Whether it was scaling the treacherous Peng Kang Hill in Jurong, being part of the pioneer batches trained by the Israeli Army, or simply taking the ferry from Tanah Merah to Pulau Tekong, the memories of National Service still resonate very much in the minds of the over 900,000 male citizens who have completed their National Service (NS) duty ever since it was introduced under the National Service (Amendment) Bill in 1967.
Prior to the NS Bill of ’67, the British had actually tabled their own bill back in 1952, on the grounds that a nation seeking self-government should be able to defend itself. The Ordinance was enacted on 1 March 1954, and required males between the ages of 18 and 20 to register for part-time national service. The first 1,000 national servicemen were chosen via public ballot on July 1954, and were drafted into the Singapore Military Forces and Civil Defence Corps.
Protest by Chinese Middle School students would however see a quick end to the bill, highlighted by a demonstration on 13 May where some 500 students held a protest against the bill by marching to the Government House. They eventually clashed with the police, resulting in 26 injuries and 45 arrests. The incident slowed down the enlistment process greatly, and the National Service Ordinance eventually fell through.
The need for a capable defence force in Singapore was highlighted by two key events during its early years of independence, that of Singapore’s separation from Malaysia and the impending withdrawal of the British Military.
The monumental task was put into the hands of then Defence Minister Dr Goh Keng Swee, and began with the introduction of the Ministry of Interior and Defence (MID) in August 1965, followed by the People’s Defence Force (PDF) bill on 30 December on the same year. By March 1966, some 3,200 volunteers had already registered with the PDF, but their lack of military training and small numbers soon made Goh realise that compulsory conscription was needed to vastly expand Singapore’s defence force.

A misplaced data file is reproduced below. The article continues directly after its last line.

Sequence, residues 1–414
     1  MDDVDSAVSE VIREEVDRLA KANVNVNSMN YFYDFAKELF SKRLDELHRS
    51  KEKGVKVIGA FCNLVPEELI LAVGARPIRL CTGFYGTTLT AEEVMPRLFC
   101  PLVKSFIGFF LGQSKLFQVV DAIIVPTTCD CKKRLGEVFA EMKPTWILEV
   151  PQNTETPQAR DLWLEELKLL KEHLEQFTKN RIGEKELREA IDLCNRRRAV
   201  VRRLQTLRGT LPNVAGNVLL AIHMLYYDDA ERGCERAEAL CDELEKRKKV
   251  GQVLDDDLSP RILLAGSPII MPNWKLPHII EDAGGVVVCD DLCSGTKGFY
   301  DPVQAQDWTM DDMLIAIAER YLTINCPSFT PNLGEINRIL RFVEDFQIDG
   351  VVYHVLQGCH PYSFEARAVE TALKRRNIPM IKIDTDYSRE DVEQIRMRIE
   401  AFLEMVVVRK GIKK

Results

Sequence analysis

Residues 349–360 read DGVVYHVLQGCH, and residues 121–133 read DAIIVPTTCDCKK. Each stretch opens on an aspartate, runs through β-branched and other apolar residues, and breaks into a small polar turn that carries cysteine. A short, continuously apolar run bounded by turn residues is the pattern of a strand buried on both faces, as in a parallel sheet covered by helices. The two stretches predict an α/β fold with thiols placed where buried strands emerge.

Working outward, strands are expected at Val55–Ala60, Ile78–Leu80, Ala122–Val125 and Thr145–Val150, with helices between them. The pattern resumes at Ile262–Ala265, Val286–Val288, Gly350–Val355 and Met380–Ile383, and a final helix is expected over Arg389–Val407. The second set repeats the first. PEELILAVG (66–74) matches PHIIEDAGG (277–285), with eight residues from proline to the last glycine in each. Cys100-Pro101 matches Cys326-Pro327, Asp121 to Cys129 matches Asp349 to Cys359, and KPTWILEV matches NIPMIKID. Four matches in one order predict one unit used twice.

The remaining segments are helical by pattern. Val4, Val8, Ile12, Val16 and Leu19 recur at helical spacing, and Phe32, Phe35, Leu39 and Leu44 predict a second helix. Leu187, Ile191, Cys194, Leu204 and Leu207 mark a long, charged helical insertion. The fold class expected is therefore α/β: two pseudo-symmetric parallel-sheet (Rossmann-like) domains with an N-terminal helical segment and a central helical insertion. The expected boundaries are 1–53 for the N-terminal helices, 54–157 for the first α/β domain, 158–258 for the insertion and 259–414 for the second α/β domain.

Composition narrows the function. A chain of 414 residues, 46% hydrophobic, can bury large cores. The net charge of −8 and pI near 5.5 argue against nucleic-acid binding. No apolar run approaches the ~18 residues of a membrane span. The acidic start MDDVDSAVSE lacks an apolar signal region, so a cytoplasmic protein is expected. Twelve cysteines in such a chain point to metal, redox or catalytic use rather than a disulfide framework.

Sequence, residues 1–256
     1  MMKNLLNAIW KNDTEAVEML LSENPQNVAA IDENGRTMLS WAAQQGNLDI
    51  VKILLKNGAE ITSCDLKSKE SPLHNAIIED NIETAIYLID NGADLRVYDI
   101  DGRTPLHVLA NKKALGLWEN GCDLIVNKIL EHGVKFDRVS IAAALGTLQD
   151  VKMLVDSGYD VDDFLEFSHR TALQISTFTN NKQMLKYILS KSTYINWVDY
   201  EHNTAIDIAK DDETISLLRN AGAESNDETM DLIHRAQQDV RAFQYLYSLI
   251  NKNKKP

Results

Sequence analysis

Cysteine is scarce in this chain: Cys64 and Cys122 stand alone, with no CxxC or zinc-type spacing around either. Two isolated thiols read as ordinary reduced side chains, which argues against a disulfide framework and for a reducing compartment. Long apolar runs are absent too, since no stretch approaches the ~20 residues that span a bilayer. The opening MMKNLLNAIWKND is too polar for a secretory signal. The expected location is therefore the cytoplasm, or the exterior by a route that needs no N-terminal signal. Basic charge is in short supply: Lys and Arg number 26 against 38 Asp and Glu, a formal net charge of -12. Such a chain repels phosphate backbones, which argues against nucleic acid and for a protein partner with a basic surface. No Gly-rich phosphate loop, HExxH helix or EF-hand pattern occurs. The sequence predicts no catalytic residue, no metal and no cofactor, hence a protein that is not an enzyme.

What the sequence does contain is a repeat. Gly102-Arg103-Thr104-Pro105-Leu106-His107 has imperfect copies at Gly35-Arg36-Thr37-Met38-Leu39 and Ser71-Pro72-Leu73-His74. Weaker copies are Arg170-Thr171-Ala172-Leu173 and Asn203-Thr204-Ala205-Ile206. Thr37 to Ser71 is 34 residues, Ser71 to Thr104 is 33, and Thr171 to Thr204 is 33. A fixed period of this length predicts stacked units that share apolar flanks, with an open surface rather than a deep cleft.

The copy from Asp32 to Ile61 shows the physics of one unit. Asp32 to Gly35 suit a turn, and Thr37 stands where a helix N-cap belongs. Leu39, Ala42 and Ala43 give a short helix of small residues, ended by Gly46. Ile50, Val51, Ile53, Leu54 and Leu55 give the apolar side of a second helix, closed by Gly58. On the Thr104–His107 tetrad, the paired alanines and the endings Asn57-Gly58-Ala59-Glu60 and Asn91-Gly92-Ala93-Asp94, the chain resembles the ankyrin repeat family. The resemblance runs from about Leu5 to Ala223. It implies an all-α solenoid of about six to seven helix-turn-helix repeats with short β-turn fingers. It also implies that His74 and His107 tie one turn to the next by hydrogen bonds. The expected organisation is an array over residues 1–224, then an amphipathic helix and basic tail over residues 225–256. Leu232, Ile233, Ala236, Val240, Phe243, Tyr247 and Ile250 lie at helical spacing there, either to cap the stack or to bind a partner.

On 14 March 1967, when the second reading of the National Service (Amendment) Bill and was passed, Goh declared that an initial batch of some 9,000 male youths born between 1 January 1949 and 30 July 1949 would be eligible for their National Service callup.
The enlistees would serve in one of four branches, namely the full-time army, PDF, Vigilante Corps and Special Constabulary. Those that were not selected for the army were allocated to the other divisions where they did only part-time training during their off duty hours, ensuring minimal disruption to their other career pursuits.
Early years of National Service
The first batches of eligible NS enlistees were registered at four stations located at Kallang, Katong, Serangoon and Bukit Panjang during the period between 28 March and 18 April 1967. All important documents had to be presented, and failure to register would result in an imprisonment of up to six months, a fine of S$2,000, or both.
In the early years of National Service, a lack of knowledge and amenities would see the pioneer batches trained by members from the Israeli Armed Forces, together with limited equipment as well as the iconic No.4 uniforms made from “Temasek Green cotton drill” – known to be so highly starched and pressed that they were able to stand on their own!
In 1970, the MID would diversify its operations, leading to the establishment of the Ministry of Defence (MINDEF) and the Ministry of Home Affairs (MHA) to oversee all military related matters.
Evolution of National Service
Over the years, National Service would also experience numerous changes and improvements, including the introduction of the Individual Physical Proficiency Test (IPPT) in 1980 as well as changes to the Basic Military Training (BMT) structure to accommodate enlistees who were either obese (1991) or achieved inadequate results in their IPPT (1993).
Today, there are a total of over 40 army camps, 2 naval bases and nine air force bases around the island equipped with the latest technology and facilities that have made the Singapore Armed Forces (SAF) a well-respected army the world over. Beyond regular training of National Serviceman, the SAF has also been readily involved in providing aid at critical junctures both in Singapore (Laju incident in 1974, Hotel New World Collapse in 1986) as well as humanitarian relief efforts overseas (Medical Mission to East Pakistan in 1970, “Operation Flying Eagle” for the Indian Ocean Earthquake and Tsunami in 2004).
Founders' Memorial Travelling Exhibition and Public Call
The Founders’ Memorial is holding a public call for objects and stories that showcase your experiences and the values upon which independent Singapore was built.
Do you have any objects or photographs of a time you stepped up for Singapore’s defence? Share them with the Founders’ Memorial here.